1933 Gibson L-75 (sold)
Rare doesn't always translate to valuable. It can sometimes mean that an item wasn't successful. But when you look at this wonderful, early 30's depression era L-75 you visually know you are half way home. What a gorgeous guitar. All surfaces are burst finished, the most expensive time consuming finish that Gibson did. Even the neck is burst. And what a colour!! I've always said that Gibson knew how to paint planks and this is to me, the epitome of the finishers art. It really grabs you deep.
Below all of this rich palette, is a guitar that almost everyone hasn't ever seen let alone played. The Gibson L-75 in this configuration was only made for one year. It has a feature we almost never find in archtop guitars; a mahogany body. Along with that, we have a round soundhole in the solid Adirondack spruce top instead of F holes, we have a flat back and a 14 fret fingerboard. Bound neck with double bound body, brazilian rosewood fingerboard and bridge and pearl inlaid logo and notched diamond motifs on the headstock......long tapered fan bracing and a 16" bottom bout. Oh, and the fauz tortoise elevated pickguard with nickel plated hardware. This guitar was meant to be expensive and it sounds it as well. Very, very dry but with a sustain that bewilders and a sense of harmonics that few have. It makes me always feel like playing what I call "dust bowl" music........lots of early Dylan comes to life and beyond with this old girl. Super clear and super sweet, it projects with power and and sounds very sophisticated. To record with it would be to reach near nirvana. To play it takes you to Nebraska, 1933, with that dust blowin' and the corn all dried and shriveled up in the field.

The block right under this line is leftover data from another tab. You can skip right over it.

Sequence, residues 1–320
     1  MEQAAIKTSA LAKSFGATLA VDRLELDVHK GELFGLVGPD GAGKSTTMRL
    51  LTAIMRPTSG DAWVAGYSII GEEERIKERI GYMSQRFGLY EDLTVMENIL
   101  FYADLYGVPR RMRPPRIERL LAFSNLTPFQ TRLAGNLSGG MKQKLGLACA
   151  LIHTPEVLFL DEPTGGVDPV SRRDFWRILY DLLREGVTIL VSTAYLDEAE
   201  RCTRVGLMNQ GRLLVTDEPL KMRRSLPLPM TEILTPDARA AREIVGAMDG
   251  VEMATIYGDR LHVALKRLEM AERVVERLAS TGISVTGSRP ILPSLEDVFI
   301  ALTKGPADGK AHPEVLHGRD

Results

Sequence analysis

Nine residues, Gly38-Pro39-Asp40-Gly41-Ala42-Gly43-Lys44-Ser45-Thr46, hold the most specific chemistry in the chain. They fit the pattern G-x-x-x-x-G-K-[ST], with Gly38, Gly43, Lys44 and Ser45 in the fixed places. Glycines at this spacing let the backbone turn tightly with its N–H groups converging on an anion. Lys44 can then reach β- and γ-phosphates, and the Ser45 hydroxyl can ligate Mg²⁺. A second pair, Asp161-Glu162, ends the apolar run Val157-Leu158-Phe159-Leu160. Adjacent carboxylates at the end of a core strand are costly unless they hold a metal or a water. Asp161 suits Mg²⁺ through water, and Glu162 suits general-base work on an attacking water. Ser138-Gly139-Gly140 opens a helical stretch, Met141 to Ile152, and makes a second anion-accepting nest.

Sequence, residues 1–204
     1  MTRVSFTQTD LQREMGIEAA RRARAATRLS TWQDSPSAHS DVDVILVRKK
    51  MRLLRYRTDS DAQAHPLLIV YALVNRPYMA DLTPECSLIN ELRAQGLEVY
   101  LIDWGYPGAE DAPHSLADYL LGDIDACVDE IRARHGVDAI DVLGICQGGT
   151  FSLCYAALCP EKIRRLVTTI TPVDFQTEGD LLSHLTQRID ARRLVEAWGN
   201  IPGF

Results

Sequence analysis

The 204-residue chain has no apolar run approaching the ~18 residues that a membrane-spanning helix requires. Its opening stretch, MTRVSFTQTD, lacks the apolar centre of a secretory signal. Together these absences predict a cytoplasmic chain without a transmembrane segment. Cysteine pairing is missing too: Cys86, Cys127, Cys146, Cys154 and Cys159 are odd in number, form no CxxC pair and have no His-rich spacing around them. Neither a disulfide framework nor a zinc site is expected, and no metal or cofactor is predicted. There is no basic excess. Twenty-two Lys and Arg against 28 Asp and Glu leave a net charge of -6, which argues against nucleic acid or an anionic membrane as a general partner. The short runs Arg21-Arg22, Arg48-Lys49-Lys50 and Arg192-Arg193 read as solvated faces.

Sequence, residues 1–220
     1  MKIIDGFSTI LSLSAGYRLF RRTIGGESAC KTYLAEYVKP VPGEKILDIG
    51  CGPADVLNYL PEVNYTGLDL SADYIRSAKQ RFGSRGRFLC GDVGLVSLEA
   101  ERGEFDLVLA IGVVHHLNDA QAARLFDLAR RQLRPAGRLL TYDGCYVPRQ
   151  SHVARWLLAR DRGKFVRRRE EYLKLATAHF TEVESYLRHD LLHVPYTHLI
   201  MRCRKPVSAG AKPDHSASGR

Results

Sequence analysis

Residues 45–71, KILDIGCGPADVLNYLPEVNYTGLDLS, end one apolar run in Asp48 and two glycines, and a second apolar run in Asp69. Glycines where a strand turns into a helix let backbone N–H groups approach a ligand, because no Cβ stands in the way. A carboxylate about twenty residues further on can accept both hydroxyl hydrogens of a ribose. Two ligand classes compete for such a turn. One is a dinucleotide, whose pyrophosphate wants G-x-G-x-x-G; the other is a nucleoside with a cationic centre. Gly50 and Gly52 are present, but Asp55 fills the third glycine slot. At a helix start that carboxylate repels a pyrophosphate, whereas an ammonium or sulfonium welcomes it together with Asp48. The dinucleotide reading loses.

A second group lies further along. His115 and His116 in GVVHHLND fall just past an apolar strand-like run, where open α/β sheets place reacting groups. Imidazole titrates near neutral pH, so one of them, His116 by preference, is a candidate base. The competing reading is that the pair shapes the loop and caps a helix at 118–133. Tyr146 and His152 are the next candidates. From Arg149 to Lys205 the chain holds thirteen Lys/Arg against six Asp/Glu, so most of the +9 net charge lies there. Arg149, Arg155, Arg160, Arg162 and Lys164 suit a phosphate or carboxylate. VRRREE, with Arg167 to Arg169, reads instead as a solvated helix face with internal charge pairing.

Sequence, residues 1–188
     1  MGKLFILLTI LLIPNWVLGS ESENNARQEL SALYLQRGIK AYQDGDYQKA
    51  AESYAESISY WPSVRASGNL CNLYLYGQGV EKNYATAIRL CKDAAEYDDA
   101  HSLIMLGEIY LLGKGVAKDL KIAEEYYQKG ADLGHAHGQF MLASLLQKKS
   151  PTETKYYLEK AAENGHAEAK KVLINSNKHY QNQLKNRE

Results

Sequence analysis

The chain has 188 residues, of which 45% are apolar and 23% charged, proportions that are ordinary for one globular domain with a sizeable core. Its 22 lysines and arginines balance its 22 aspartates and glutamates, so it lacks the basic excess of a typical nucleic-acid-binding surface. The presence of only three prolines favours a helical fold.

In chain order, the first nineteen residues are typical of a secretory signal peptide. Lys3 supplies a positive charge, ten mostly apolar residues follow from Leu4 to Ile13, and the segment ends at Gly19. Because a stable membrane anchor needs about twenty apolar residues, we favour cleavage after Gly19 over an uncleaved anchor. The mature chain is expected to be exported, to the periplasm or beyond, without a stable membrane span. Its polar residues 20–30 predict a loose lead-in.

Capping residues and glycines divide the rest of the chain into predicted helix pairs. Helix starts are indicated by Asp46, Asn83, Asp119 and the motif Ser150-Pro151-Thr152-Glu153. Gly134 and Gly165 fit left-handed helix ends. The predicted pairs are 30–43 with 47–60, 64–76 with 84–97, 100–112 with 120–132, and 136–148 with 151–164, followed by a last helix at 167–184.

Pics to come.